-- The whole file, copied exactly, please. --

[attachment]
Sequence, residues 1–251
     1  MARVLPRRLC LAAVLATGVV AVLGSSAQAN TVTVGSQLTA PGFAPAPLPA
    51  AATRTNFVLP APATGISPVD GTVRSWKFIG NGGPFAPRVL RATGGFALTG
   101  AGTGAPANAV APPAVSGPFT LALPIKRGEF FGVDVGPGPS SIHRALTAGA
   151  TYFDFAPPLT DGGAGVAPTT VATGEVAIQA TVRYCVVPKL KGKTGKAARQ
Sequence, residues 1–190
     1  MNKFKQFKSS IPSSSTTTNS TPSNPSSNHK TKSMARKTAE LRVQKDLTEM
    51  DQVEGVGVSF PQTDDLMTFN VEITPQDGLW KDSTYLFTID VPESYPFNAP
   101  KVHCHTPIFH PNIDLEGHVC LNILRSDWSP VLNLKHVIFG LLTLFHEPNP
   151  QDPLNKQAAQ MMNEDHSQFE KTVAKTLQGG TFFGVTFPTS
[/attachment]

Sequence, residues 1–251
     1  MARVLPRRLC LAAVLATGVV AVLGSSAQAN TVTVGSQLTA PGFAPAPLPA
    51  AATRTNFVLP APATGISPVD GTVRSWKFIG NGGPFAPRVL RATGGFALTG
   101  AGTGAPANAV APPAVSGPFT LALPIKRGEF FGVDVGPGPS SIHRALTAGA
   151  TYFDFAPPLT DGGAGVAPTT VATGEVAIQA TVRYCVVPKL KGKTGKAARQ
Sequence, residues 1–190
     1  MNKFKQFKSS IPSSSTTTNS TPSNPSSNHK TKSMARKTAE LRVQKDLTEM
    51  DQVEGVGVSF PQTDDLMTFN VEITPQDGLW KDSTYLFTID VPESYPFNAP
   101  KVHCHTPIFH PNIDLEGHVC LNILRSDWSP VLNLKHVIFG LLTLFHEPNP
   151  QDPLNKQAAQ MMNEDHSQFE KTVAKTLQGG TFFGVTFPTS